http://www.elvisvinyl.com/

And have found Oven's site very useful along with FECC and many others.
Thanks for the great personal stories. Nicely done, Ger!

All Hail the Bootleggers, I mean, the Importers!

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Last edited by Gregory Nolan Jr. on Fri May 12, 2006 11:51 pm, edited 2 times in total.

Thu May 11, 2006 10:29 pm

drjohncarpenter wrote:Cisco - you're correct that 1983's Jailhouse Rock Sessions (Laurel) still harbors two alternate takes (18 and 19) of "Young and Beautiful" unavailable elsewhere. And the audio quality is perfect.


Unbelievable that these takes still remain unreleased ..over 20 years later...yeah..perfect sound..
This LP is still a master piece.

Thu May 11, 2006 10:36 pm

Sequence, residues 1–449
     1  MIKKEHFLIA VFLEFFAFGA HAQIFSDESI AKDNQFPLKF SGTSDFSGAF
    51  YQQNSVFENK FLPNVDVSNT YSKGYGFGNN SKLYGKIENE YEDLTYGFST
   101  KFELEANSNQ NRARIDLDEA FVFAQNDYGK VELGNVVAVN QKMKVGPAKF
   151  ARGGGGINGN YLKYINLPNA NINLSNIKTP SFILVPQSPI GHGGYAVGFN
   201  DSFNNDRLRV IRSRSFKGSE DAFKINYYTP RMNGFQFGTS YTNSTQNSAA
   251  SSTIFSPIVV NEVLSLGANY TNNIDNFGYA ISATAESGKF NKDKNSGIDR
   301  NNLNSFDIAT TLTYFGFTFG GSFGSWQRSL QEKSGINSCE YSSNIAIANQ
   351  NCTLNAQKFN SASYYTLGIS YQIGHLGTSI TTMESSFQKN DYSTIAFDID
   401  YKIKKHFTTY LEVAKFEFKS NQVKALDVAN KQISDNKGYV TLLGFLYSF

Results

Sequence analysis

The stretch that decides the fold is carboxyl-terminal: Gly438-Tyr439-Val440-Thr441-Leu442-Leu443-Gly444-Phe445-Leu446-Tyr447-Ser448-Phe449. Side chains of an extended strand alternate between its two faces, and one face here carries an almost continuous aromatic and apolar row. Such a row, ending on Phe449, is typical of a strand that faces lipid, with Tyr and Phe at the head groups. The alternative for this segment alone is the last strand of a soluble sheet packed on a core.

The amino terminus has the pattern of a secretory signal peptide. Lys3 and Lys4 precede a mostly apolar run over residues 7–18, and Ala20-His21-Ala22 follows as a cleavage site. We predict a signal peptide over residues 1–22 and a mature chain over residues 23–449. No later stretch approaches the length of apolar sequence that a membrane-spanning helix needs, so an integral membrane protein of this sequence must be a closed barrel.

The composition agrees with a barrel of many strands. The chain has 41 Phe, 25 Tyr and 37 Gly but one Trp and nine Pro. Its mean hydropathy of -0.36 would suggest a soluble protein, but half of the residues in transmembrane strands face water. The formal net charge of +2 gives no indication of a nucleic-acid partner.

Good tapes for that vinyl master!

Fri May 12, 2006 2:11 am

Yes i remember in 1986 buying 'Command Performance' and much later on the superb 'The Ledgend Lives On'....i also was struck by the cover and content of 'Long Lost Songs' which i also bought in the 80's memorable boots and still to this day excellent listening for that good old Elvis Magic! :roll:

Fri May 12, 2006 5:36 am

Steve_M wrote:Ger baby, was this one of your etchings that adorned this cover ?:

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That's what I was thinking. I'm sure this is one of Ger's.

Fri May 12, 2006 6:05 am

That is indeed Ger's talented hand. Not that he had anything to do with that particular LP.

I forgot to mention another thrilling release, from 1978, From The Beach To The Bayou -->